The first time I tried Tokara Olive Oil, I immediately fell in love. I was the designated driver for a friend’s birthday wine tour and while everyone was tasting the wine from the beautiful estate, I was trying the olive oil. I was so impressed, I bought a bottle there and then. When we got invited to try out their range of 2016 extra virgin olive oils, I was so ready.
We sat in the gorgeous deli overlooking the most magnificent view of the mountain, and got ready enjoy some good food. Not only did I get to sample the incredible products, I learned so much about the industry as a whole. For example, did you know the average person in Greece consumes around 26 litres of olive oil a year? The South African olive oil industry is fairly new and because of our climate, our olive oil is thinner and less yellow than what Europeans are used to. Even so, the caliber of olive oil we produce, especially at Tokara, is among the best.
To me, an olive olive tasting consists of lapping up some oil with bread, maybe dipping it in some balsamic and chomping it down. At the Tokara tasting, I released that there is so much more to it. The olive oil maker Gert van Dyk takes as much care into making his olive oils as a master winemaker. Tasting it demands more than just dipping bread into it. Before the oil even touched our lips, we had to warm up the oil in our hands. This helps release the smell and taste of the oils. We cupped the oil in our hands and rotated it like so:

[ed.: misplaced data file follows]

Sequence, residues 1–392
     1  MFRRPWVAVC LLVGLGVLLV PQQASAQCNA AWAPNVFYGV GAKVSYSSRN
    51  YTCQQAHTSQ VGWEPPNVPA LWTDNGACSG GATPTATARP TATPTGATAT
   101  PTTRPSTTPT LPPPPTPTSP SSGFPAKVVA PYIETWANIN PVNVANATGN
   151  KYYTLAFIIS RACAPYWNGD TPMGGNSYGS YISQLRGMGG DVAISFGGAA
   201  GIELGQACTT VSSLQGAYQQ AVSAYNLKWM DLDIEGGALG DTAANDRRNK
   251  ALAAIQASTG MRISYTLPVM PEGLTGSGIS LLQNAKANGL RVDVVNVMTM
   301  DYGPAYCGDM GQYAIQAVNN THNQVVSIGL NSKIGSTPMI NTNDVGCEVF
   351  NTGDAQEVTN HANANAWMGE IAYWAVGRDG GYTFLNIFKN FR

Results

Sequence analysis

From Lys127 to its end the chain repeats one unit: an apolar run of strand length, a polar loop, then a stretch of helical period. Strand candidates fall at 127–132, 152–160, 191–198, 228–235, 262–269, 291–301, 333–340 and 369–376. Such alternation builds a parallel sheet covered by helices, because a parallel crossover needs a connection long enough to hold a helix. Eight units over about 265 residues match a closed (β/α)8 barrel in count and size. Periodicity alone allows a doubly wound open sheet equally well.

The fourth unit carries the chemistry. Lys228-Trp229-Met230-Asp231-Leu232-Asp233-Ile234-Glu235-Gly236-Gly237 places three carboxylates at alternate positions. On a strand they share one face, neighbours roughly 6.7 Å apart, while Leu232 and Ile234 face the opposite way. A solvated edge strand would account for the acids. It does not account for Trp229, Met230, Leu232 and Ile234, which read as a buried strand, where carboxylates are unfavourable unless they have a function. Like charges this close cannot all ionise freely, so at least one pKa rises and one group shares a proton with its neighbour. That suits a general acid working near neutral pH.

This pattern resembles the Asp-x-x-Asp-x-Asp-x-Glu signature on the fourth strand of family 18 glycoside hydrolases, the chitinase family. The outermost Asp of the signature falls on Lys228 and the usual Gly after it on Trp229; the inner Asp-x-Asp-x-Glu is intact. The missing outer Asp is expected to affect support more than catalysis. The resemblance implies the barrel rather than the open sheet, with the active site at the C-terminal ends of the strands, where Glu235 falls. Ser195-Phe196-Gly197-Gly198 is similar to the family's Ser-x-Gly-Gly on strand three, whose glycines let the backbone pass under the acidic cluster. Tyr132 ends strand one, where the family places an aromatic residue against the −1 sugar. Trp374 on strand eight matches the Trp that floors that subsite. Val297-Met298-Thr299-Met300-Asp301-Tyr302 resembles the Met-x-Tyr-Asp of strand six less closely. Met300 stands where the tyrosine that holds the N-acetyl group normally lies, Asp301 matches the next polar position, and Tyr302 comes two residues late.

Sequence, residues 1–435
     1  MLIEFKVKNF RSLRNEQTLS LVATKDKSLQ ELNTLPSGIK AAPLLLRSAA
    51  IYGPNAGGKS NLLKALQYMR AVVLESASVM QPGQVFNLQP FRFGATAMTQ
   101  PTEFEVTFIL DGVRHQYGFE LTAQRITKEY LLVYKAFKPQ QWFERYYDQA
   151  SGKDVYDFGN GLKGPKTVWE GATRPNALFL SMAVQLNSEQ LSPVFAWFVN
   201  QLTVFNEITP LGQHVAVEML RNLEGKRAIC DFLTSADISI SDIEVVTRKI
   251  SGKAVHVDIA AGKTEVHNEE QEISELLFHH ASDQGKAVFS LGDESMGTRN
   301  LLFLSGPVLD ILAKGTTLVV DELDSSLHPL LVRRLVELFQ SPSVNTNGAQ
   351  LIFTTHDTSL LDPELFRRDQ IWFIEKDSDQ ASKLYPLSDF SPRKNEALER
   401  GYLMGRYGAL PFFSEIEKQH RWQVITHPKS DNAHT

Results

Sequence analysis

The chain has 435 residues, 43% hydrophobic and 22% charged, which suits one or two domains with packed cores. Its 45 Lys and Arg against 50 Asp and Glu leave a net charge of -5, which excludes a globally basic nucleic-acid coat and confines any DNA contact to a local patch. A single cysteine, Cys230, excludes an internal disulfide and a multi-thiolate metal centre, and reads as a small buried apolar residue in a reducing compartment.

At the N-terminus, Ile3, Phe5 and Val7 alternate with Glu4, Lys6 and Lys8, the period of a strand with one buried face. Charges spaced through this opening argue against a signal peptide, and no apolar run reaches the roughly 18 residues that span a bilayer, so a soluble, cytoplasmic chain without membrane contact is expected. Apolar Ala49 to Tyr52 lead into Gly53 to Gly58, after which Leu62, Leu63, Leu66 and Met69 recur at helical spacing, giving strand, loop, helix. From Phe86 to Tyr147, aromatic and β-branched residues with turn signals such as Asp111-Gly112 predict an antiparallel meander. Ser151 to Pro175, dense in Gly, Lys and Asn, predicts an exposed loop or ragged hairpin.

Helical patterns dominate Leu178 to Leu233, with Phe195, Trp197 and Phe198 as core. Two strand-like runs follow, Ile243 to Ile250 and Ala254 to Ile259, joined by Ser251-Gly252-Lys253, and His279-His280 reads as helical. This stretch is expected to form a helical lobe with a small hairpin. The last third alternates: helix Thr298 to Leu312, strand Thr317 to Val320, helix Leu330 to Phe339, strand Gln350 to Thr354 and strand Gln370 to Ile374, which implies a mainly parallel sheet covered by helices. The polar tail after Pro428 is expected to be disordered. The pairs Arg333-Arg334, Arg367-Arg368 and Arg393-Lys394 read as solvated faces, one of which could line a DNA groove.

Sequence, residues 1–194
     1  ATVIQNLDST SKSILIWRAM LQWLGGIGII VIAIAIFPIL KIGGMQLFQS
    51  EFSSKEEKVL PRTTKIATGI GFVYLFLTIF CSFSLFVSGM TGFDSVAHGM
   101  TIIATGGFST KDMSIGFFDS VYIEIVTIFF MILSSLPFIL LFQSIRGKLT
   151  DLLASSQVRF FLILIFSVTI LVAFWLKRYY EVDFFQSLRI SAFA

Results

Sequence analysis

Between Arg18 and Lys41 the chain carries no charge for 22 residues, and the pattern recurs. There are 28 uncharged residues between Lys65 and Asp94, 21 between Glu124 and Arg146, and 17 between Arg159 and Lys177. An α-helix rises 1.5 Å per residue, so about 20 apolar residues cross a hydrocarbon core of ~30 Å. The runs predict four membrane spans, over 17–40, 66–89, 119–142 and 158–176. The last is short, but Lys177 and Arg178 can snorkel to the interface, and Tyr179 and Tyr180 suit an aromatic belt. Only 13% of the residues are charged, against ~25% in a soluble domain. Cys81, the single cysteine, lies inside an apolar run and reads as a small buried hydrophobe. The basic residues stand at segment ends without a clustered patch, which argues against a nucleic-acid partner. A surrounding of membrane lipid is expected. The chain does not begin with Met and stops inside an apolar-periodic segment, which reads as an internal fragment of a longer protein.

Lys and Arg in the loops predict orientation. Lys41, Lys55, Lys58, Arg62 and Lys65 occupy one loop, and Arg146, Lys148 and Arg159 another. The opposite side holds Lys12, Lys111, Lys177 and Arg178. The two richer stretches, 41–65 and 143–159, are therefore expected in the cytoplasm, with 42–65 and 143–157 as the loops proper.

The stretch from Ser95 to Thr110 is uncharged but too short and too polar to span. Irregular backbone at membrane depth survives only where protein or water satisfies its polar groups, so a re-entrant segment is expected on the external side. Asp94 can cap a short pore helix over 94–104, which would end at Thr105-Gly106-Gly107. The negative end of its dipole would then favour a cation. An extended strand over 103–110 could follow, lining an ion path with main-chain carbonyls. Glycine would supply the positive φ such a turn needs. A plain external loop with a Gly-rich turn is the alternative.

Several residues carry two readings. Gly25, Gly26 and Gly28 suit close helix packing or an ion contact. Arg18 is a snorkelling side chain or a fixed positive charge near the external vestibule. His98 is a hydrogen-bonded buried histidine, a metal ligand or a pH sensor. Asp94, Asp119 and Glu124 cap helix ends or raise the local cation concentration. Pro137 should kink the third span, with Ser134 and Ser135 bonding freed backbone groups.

There are four oils in Tokara’s 2016 range. A Frantolio, an estate blend, a premium blend and a multi-varietal blend. Gert took us through each olive oil, where we noted the smell, colour and taste. At first, I thought sniffing the oil was a bit silly, I mean olive oil is olive oil. It’s all in the taste, right? Wrong! Each olive oil had it’s own distinctive smell. We also sipped on the oils to taste it properly. I was worried that drinking the oils straight would be unpleasant, but the oils went down well and left you with a clean pallet.
The Frantolio smelt like fresh cut grass. The multi-varietal smelt more fruity than grassy. Gert said it smells specifically of the olive leaf. It was more peppery than the Frantolio and is best used for general cooking. The premium oil is the oil you use for special dishes, It is more intense than the first two oils – so much so that just one taste made many of us cough. Finally the estate blend is a rich delicious oil. This is the oil that you would dip your bread into. The smell made Gert and his assistant feel as if they were walking through the olive fields.
After the tasting, we were treated the most exquisite lunch that made use of the olive oils in every course. From steak to risotto, chocolate tart and cake, the flavours of the oil transformed the food into the most delicious decadent dishes. Just when I thought I couldn’t be more impressed by Tokaras, their 2016 range of oils took things to a new level and will be available on supermarket shelves everywhere soon.